First, our hello world app needs to change slightly. Heroku tells us what port to run on with the PORT env variable:

{-# LANGUAGE OverloadedStrings #-}
import Web.Scotty
import System.Environment
import Control.Monad

main = do
  port <- liftM read $ getEnv "PORT"
  scotty port $ do
    get "/" $ do
      html "Hello World!"

Then add a Procfile in your root dir to tell Heroku how to start your app:

web: ./dist/build/todo/todo

And a Setup.hs to build your app:

import Distribution.Simple
main = defaultMain

Then, assuming your project is a git repo:

heroku create --stack=cedar --buildpack \
git push heroku master

It will take ~15 minutes to build your project. Congratulations, you just deployed your Haskell site to Heroku!

If you're deploying to Heroku, you will probably want to use PostgreSQL instead of Sqlite, so change runDb to this:

import Database.Persist.Postgresql (withPostgresqlConn)
import Web.Heroku (dbConnParams)
import Data.Monoid ((<>))

runDb :: SqlPersist (ResourceT IO) a -> IO a
runDb query = do
    params <- dbConnParams
    let connStr = foldr (\(k,v) t ->
        t <> (encodeUtf8 $ k <> "=" <> v <> " ")) "" params
    runResourceT . withPostgresqlConn connStr $ runSqlConn query

And follow these steps to deploy to heroku:

heroku create --stack=cedar --buildpack \
heroku addons:add heroku-postgresql:dev
# just searches for the postgres db name so we can promote it
export dbname=$(heroku config | grep POSTGRES | cut -d: -f1)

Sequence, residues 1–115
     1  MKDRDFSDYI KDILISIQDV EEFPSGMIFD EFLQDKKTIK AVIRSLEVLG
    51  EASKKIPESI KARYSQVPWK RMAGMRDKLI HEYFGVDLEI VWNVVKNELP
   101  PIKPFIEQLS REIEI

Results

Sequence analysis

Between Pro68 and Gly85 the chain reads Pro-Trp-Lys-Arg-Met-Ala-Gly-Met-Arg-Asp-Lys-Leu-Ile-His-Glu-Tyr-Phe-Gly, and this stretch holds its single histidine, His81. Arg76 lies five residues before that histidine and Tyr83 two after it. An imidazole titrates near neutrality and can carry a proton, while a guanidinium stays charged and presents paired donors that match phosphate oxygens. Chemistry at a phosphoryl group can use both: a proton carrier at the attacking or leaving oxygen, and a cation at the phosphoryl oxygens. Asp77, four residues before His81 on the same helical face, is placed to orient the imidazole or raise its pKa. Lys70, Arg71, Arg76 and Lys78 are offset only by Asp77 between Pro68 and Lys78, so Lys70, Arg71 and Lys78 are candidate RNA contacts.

heroku pg:promote $dbname
git push heroku master


You can test your Scotty app with wai-test. Here are some examples from the README:

spec :: Spec
spec = with app $ do
  describe "GET /" $ do
    it "reponds with 200" $ do
      get "/" `shouldRespondWith` 200

    it "reponds with 'hello'" $ do
      get "/" `shouldRespondWith` "hello"

Whats Missing

  1. Easy to use cookies. You can see an example of how to roll your own function to use cookies here. But I'd like to see this built into Scotty. Update: Another third-party solution is to use the wai-session middleware with clientsession.
  2. Asset Aggregation. Yesod and Snap both have their own asset aggregators, but afaik there's nothing like this for Scotty.
  3. Version management for modules. Sure, you can specify exact versions in todo.cabal...but if you don't, there's no way to guarantee that you'll run the same version on all machines. Bundler does this with Gemfile.lock, I wish Haskell had the same feature.